The example of FIGS. 5, 6 and 7 shows a multi-layer lead/heat sink structure including layers of soft magnetic material and layers of material with ideal electrical and thermal properties (high conductivity), such as Cu or Au, or the like. The leads are electrically isolated from both the magnetic pole and return pole with insulating layers having an appropriate thickness. However, there is magnetic coupling of the multi-layer leads to the write pole and return pole that can be tuned separately by the insulator thicknesses, the volume of magnetic material, the area at the interfaces between the leads and poles, the magnetic properties of the materials used, the number of layers and varying thicknesses for the multi-layer, etc. Additionally, the multi-layer structure allows for its own magneto-static and magneto-dynamic properties to be readily tuned. For example, a large magnetic saturation M, value for the magnetic layer results in a large ferromagnetic resonance (FMR) frequency, which is desirable for high frequencies (high data rates), while the thickness of the non-magnetic layer can be tuned to achieve the desired average magnetization M, for the leads. The multi-layer leads extend from the ABS a certain thickness, while beyond that thickness, the lead is made of material with ideal electrical and thermal properties, such as Cu or Au, or the like. The soft magnetic material of the multi-layer section has the effect of confining the cross-track fields as discussed above, while the incorporation of the highly conducting layers aids in the heat sinking of the Ampere wire.

FIG. 8 is a schematic representation of a portion of a magnetic recording head 320 constructed in accordance with the invention. Conductive lead/heat sinks 322 and 324 are electrically connected to opposite ends of a generally rectangular conductor 326 and to a current source 328. The leads have a larger cross-sectional area than the conductor and the conductor is located near a corner of the leads. This configuration can be used to illustrate controlled current crowding in the contacts to reduce cross-track fields in a WAMR head. Current flowing in conductor 326 produces the magnetic field 330. Current flowing in leads 322 and 324 produces magnetic fields 332 and 334. The field produced by current flowing in the leads reduces cross-track fields resulting from current in conductor 326.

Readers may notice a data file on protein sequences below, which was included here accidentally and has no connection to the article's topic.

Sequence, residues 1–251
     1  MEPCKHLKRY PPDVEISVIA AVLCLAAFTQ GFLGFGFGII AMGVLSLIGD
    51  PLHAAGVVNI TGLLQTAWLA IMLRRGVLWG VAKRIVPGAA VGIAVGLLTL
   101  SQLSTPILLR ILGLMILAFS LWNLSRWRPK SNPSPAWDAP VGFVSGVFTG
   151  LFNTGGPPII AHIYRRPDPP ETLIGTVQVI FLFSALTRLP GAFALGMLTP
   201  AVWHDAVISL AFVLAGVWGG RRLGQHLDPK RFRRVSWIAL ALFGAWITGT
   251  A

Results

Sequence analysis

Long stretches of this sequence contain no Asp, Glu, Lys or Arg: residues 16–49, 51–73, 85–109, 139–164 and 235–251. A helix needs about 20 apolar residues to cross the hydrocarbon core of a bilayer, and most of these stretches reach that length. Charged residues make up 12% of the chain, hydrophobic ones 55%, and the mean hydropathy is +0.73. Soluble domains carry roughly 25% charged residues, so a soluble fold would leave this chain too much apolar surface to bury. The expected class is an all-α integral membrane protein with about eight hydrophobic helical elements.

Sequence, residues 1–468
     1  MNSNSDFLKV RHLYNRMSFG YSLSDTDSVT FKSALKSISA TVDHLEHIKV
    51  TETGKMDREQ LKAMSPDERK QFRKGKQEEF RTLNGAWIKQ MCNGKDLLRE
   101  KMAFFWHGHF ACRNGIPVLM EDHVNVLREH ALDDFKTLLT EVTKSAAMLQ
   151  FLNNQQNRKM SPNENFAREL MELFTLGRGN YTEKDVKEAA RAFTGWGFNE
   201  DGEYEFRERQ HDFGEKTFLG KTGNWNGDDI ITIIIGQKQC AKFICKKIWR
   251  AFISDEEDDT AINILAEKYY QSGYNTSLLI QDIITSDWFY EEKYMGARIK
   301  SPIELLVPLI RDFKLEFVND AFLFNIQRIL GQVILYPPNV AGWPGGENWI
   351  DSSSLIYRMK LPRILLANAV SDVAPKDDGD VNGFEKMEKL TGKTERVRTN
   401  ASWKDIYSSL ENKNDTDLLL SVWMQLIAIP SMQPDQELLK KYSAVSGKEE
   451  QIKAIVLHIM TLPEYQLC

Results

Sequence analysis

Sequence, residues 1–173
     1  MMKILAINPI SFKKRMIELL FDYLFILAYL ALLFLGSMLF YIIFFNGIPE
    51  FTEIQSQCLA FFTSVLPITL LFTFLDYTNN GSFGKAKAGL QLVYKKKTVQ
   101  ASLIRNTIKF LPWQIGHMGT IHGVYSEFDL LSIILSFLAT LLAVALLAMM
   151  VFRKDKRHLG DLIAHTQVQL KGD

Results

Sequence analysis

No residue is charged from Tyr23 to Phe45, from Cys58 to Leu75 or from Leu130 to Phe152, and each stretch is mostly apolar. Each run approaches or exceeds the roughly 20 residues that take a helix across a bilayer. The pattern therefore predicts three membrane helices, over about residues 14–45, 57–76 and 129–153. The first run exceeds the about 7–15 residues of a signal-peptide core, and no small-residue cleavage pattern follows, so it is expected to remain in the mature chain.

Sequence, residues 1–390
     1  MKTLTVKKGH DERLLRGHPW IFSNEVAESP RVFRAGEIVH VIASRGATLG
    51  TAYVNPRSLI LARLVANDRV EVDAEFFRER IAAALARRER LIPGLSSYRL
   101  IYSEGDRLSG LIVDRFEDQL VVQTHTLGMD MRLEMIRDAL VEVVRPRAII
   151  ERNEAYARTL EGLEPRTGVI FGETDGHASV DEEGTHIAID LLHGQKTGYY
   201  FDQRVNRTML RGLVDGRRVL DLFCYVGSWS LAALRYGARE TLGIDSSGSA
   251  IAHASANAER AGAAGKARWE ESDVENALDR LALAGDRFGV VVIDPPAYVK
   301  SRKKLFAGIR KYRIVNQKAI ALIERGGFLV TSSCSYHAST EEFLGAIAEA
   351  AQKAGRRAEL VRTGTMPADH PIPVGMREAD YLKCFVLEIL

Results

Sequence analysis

FIG. 9 is a graph of the calculated cross-track magnetic field distribution associated with an Ampere wire and leads/contacts in the configuration of FIG. 8. The field profile indicates that there is a reversal of the field polarity with increasing cross-track position. This field is generated by the large current densities in the leads, while the high densities result from current crowding in the leads near the Ampere wire, as depicted in FIG. 8. In a WAMR structure (an integrated wire and pole such as depicted in any of the perpendicular designs herein), this reversed field polarity counters that from the pole, reducing the stray fields away from the track. The head designs described below use this effect to confine the cross-track fields for perpendicular WAMR.

FIG. 10 is a plan view of an air bearing surface of another magnetic recording head 340 constructed in accordance with this invention. The recording head includes a write pole 342 and a return pole 344. A tip 346 of the write pole is positioned adjacent to an air bearing surface (ABS) 348 of the recording head. A first conductor and heat sink 350, having a conductivity σ1, is positioned adjacent to the air bearing surface and adjacent to three surfaces 352, 354 and 356 of the write pole. A segment of the conductor adjacent to surface 354 of the write pole acts as the Ampere wire. A second electrical contact/heat sink 358, having a conductivity σ2, is electrically connected to a first portion 360 of the conductor. A third electrical contact/heat sink 362 having a conductivity σ2, is electrically connected to a second portion 364 of the conductor. Insulation 366 is positioned between the conductor and the return pole, and between the electrical contacts and the return pole. Additional insulation 368, 370 and 372 is positioned between the conductor and the write pole. Conductivity σ1 can be greater than conductivity σ2 by about a factor of 10. J1 and J2 represent electrical current in the conductor 350 and the contact/heat sinks 358 and 362.